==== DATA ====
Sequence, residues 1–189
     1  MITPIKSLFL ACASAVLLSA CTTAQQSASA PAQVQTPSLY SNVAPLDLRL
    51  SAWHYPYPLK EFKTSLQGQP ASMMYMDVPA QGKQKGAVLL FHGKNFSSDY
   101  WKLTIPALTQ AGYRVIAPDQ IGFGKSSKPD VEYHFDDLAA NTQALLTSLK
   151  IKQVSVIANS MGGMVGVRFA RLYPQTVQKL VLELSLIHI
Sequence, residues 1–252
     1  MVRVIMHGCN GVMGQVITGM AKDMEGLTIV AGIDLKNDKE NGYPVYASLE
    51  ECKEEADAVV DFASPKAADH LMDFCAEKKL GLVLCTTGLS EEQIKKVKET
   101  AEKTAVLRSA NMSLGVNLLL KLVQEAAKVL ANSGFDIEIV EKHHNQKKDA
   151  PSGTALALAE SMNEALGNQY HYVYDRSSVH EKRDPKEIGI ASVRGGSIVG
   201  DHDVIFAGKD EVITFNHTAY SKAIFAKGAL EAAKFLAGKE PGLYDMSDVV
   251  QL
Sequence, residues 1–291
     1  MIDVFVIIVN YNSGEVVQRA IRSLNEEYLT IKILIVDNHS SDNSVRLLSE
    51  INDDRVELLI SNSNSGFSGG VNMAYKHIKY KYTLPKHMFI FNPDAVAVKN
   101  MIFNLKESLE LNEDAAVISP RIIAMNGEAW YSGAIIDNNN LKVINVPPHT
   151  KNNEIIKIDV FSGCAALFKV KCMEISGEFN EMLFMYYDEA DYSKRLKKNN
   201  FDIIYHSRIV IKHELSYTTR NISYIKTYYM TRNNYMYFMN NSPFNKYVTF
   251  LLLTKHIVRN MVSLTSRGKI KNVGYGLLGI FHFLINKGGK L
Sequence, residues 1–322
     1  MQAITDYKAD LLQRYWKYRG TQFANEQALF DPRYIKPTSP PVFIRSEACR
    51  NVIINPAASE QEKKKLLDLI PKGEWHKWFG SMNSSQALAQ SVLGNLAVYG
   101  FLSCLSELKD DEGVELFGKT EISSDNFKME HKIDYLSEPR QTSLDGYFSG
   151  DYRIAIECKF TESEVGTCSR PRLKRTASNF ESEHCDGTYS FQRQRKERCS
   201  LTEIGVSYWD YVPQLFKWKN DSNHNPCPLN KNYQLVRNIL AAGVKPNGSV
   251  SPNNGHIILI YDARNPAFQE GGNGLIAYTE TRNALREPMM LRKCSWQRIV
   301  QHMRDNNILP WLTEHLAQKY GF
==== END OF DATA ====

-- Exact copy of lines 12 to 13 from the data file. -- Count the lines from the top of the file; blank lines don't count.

   251  QL
Sequence, residues 1–291